Search and Rescue
March 2009

“Search and Rescue,” Liahona, Mar. 2009, 38–41

Search and Rescue

What does emergency preparedness mean to you? In the Dominican Republic, it means these young men and young women are ready to lend a hand.

They help people injured in car accidents. They rescue drowning swimmers and find hikers or cave explorers who get lost or hurt. On holidays they operate sidewalk booths to assist those in trouble. They help with community vaccination programs. And they know what to do in an earthquake, hurricane, or other disaster.

They are trained in basic and advanced first aid, water rescue, confined-space rescue, disaster response, and survival skills. They know their training manuals and classroom drills, but they also train in the outdoors, hiking into the mountains and caves where they simulate real dangers. Then they take on actual emergencies.

Since they were organized in 2003, they have helped more than 300 people, many with serious or critical injuries. They have also drawn a lot of teens from the troubled streets into their ranks and taught them about discipline and love.

Service Oriented

They are the Comité de Emergencias Santos de los Últimos Días, the Latter-day Saint Emergency Committee, a volunteer group open to anyone willing to follow their rules of courtesy and service. And at their core are teenage Latter-day Saints, led by dedicated adults. More than 200 youth have participated in the group since it began.

“I found out about the committee when I came to a baptismal service one Saturday,” says Junior Rivera. “In another room, I saw all these kids like me, dressed in black, with a logo on their T-shirts and hats, learning about first aid. What really got me interested was when I found out they were preparing to help other people. I saw it as a way to do something good, and that’s part of Church teachings, to reach out and help those around us.”

Onel Rodriguez explains that the group learns procedures similar to gospel principles. “For example,” he says, “in an emergency we learn to take care of our own families first. Then when we know they are all right, we are able to assist others. That’s what the Church teaches about welfare. Take care of your own family; then help others.”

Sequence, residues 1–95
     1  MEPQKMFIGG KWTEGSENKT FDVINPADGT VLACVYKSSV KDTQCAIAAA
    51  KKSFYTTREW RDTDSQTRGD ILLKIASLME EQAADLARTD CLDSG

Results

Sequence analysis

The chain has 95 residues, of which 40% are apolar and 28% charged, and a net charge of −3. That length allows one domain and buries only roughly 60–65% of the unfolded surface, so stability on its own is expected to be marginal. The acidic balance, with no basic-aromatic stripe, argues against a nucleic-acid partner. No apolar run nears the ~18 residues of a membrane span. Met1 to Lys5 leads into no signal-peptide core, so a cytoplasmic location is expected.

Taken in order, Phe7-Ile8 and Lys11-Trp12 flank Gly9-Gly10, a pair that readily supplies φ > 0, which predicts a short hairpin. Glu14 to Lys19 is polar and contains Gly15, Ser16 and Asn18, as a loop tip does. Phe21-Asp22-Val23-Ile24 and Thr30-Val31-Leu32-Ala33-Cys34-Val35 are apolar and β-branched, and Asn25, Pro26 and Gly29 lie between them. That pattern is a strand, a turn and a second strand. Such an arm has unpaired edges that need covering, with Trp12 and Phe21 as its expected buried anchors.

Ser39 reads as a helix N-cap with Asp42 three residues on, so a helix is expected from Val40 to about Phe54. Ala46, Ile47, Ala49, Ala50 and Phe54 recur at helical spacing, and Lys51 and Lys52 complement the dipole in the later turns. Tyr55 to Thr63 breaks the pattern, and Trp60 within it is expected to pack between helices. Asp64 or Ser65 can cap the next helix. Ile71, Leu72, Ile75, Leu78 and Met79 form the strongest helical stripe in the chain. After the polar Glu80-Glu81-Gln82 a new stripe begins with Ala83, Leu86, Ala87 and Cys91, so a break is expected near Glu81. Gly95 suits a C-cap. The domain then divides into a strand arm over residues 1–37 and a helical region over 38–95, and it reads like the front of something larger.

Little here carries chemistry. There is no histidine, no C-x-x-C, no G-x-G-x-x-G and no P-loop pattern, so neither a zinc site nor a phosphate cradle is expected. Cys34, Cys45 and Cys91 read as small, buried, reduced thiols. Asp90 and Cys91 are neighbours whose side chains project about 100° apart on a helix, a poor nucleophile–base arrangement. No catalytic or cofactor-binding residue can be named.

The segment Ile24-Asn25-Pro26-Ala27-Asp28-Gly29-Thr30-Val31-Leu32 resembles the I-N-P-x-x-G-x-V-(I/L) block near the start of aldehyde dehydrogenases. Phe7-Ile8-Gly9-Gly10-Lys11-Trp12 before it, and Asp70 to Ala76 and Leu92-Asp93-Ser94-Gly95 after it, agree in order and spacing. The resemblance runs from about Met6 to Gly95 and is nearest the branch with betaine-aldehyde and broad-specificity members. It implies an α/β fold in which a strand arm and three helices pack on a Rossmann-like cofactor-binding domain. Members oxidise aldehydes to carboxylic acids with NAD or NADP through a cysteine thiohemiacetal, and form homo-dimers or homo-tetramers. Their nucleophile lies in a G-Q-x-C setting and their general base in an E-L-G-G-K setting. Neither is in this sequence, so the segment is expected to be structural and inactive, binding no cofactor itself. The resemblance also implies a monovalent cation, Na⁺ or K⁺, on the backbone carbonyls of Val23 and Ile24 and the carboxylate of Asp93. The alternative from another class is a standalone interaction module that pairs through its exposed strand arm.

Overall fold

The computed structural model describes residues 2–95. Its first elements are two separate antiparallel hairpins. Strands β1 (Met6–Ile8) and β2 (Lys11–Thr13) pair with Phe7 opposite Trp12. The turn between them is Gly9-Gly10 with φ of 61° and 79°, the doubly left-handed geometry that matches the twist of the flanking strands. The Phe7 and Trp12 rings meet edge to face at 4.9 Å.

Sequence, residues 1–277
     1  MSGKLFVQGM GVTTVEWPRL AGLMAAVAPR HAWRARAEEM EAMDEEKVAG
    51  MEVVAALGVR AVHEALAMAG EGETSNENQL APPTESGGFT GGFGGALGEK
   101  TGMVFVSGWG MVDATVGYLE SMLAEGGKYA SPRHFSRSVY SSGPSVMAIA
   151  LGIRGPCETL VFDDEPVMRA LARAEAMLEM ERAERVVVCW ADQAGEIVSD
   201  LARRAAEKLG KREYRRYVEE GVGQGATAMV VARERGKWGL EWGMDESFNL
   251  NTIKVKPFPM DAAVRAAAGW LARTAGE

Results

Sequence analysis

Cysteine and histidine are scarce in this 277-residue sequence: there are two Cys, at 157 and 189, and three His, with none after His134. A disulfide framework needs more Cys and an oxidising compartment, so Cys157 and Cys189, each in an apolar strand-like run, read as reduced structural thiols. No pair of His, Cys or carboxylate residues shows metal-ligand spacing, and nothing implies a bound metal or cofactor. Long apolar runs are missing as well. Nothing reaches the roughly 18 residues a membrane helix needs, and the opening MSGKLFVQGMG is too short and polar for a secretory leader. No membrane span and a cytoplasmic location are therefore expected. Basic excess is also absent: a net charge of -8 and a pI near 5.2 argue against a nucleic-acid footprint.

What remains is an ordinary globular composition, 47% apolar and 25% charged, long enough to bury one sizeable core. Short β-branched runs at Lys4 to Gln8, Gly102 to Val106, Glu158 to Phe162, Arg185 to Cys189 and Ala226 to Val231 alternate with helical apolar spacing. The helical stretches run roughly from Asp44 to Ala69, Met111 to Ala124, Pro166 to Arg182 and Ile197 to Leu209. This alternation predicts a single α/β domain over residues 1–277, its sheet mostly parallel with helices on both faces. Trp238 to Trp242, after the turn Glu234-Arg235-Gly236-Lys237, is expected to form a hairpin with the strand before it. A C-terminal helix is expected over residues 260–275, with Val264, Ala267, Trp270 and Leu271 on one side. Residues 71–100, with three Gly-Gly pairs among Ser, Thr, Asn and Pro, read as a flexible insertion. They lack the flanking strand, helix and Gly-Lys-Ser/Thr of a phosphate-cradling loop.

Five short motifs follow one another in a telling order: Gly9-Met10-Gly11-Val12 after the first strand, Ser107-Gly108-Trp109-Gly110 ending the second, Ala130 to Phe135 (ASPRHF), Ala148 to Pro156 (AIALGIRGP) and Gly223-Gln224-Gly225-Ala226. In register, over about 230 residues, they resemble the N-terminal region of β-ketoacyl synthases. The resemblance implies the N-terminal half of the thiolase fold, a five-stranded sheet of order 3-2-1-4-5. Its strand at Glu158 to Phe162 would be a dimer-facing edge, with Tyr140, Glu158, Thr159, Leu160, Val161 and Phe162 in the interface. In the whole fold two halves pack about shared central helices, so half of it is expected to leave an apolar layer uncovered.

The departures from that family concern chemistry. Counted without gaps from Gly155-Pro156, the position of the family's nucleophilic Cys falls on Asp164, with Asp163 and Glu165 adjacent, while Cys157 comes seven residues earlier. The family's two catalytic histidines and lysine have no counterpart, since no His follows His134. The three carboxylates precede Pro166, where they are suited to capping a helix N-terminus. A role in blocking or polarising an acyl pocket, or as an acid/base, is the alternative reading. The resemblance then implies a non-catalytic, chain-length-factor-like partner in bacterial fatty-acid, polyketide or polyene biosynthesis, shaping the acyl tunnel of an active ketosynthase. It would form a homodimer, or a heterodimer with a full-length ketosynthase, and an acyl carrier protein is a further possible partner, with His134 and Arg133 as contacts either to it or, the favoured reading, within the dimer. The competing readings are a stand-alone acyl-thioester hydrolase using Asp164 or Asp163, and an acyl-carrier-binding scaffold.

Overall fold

Franklin de los Santos says working on disaster preparedness has helped him realize that sometimes the need for spiritual search and rescue is just as important as physical care. “Some people need a helping hand or a kind word or a shared testimony to help them be strong,” he says. “When we’re living the gospel, we should care about and strengthen other people spiritually too.”

Application Oriented

Omar Rodriguez points out that many of the committee’s activities have been used to fulfill Duty to God requirements and have been planned in coordination with Aaronic Priesthood and Mutual activities.

José Núñez, second counselor in La Caleta Ward bishopric, says that while youth learn the gospel in their classes and quorums, the committee helps them apply what they learn to everyday life. “When they’re in the street having direct contact with needy people, then they really learn what it means to love one another,” he says. “They develop love for the people around them. And they also develop love for themselves because they learn about self-discipline, and that gives them confidence to act in appropriate ways no matter where they are.”

Brother Núñez also points out that the committee doesn’t replace the normal activities of the Church. “It complements them,” he says. “In priesthood quorums and Young Women classes, for example, they are taught gospel principles. But in gospel-oriented activities like the committee and other service projects, they have the opportunity to practice what they have learned.” That’s one of the ways, he says, that they can become “doers of the word, and not hearers only” (James 1:22).